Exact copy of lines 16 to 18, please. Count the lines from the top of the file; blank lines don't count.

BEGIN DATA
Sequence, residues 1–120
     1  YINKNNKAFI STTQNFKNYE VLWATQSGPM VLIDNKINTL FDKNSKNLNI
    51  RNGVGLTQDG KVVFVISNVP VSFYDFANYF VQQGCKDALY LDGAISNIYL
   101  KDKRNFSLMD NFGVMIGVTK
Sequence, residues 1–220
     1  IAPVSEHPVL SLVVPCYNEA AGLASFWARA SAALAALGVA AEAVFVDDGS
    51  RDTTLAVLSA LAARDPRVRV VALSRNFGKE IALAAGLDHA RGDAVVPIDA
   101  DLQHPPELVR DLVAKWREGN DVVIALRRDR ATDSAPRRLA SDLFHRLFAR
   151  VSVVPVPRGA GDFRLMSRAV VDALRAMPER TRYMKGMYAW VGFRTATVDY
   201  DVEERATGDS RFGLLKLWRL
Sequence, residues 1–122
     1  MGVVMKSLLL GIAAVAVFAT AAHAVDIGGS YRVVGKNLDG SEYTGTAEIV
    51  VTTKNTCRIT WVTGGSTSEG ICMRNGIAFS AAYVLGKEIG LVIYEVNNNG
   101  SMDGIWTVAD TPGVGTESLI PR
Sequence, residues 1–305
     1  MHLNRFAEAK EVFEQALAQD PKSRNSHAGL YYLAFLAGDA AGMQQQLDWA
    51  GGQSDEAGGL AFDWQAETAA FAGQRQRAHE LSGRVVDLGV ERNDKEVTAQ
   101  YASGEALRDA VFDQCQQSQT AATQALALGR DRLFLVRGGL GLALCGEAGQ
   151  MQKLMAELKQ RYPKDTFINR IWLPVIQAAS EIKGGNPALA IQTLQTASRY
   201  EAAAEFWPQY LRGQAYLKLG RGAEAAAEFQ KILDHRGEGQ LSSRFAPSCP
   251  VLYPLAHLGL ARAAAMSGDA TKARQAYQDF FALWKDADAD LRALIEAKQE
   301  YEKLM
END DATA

     1  MHLNRFAEAK EVFEQALAQD PKSRNSHAGL YYLAFLAGDA AGMQQQLDWA
    51  GGQSDEAGGL AFDWQAETAA FAGQRQRAHE LSGRVVDLGV ERNDKEVTAQ
   101  YASGEALRDA VFDQCQQSQT AATQALALGR DRLFLVRGGL GLALCGEAGQ